But you cannot use newer cards in hardware that only supports older formats. For instance, the Zoom H1n supports the microSDHC standard. Meaning that it uses the FAT32 file system and will not read/write a microSDXC, or microSDUC cards which use the exFAT file system. However, I bet the Sony ICD-ux560, which supports the microSDXC, will support microSDUC cards when they hit the market in 2019. That’s because both standards use the exFAT file system.
Finally, SD cards (that use the FAT12/16 file system), are obsolete. You’ll be hard pressed to find a voice recorder that only supports the microSD standard. And we’ll probably see the first microSDUC cards in 2019. Most voice recorders support the microSDHC (FAT32 file system) or the microSDXC standard (exFAT file system). Again, it’s relatively easy to identify each stardard/file system – just look out for the stylized SD logo (see image below).
The storage capacity for each SD standard is defined by the SD specification as:
- SD standard – Up to 2GB
- SDHC standard – over 2GB-32GB
- SDXC standard – over 32GB-2TB
- SDUC standard – over 2TB-128TB
It’s important to note that these are the SD specification limitations and not file system or even form factor limitations. That is, the FAT32 file system – SDHC standard – does support up to to 8TB capacity! And the exFAT up to 128PB (128petabytes)!!! Yes, these are theoretical limits, because crazy things start to happen when you try and create a storage device that large, but each SD standard can store more data than specified by the SD specification.
There is nothing stopping you from having a 128GB microSDHC card. Well, except the SD specification. When I realized this, I formatted my Samsung Evo 64GB microSDXC card using the FAT32 file system. Why?
As mentioned earlier, my Zoom H1n voice recorder supports microSDHC cards which use the FAT32 file system. However, the SD specifications limit microSDHC cards to meager 32GB. So no SD card manufacturer will make a microSDHC card larger than 32GB! Sad. And if you have read my Zoom H1n review, then you’ll know that I was really disappointed that I could not store more than 32GB worth of data.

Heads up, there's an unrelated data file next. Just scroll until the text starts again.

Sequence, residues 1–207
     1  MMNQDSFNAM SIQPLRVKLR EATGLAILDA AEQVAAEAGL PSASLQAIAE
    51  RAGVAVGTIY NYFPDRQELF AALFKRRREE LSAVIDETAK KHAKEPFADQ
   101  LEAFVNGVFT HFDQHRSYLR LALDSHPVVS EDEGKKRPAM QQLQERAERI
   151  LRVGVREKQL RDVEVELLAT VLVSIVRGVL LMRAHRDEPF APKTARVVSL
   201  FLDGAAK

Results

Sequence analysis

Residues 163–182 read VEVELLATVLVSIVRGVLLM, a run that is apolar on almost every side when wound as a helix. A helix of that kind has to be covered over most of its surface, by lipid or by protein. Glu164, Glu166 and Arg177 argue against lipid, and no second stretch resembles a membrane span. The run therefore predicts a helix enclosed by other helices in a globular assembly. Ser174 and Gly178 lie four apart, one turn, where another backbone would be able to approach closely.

So formatting the Samsung Evo 64GB microSDXC, which uses the exFAT file system, to use the FAT32 file system I end up with a Samsung Evo 64GB microSDHC card. That doubled my storage capacity on my Zoom H1n and also made me regret buying a Samsung Evo 32GB microSDHC for the Zoom Hn1. If you want to know how I formatted my Samsung Evo 64GB microSDXC using FAT32 (it was not easy)
let me know in the comments section below and I’ll write a detailed post. Here’s a detailed post, with video, on how to format and create a 64GB microSDHC card.
To summarize, form factor, file system, and SD capacity are the only 3 features of a SD card that you should pay attention to when looking for an external voice recorder memory card. Most digital voice recorders support microSD cards. That’s the form factor you should look for. They are tiny, and not easily confused with the larger standard SD cards. Also microSD cards are usually sold with an adapter.
Most voice recorders support the microSDHC or the microSDXC standard, that is, the FAT32 or the exFAT file systems. Please note that all voice recorders that support the exFAT file system (microSDXC standard), also support FAT32 file system (microSDHC standard). But voice recorders that support microSDHC cards do not support microSDXC cards. Backward, but not forward compatible. For specific recommendations, here’s a post on best microSD cards for your audio recorder.
Finally, the SD specification places limits on SD card capacity; you’ll be hard pressed to find a microSDHC card that’s larger than 32GB, for instance. But there are workarounds to these limits…
That’s it for this post. Hope you enjoyed it and was helpful in understanding external voice recorder memory or microSD cards. If you have any questions, comments, suggestions, please post them in the comment section below. I look forward to reading/answering them. As always, please keep us in mind for all of your academic transcription services needs.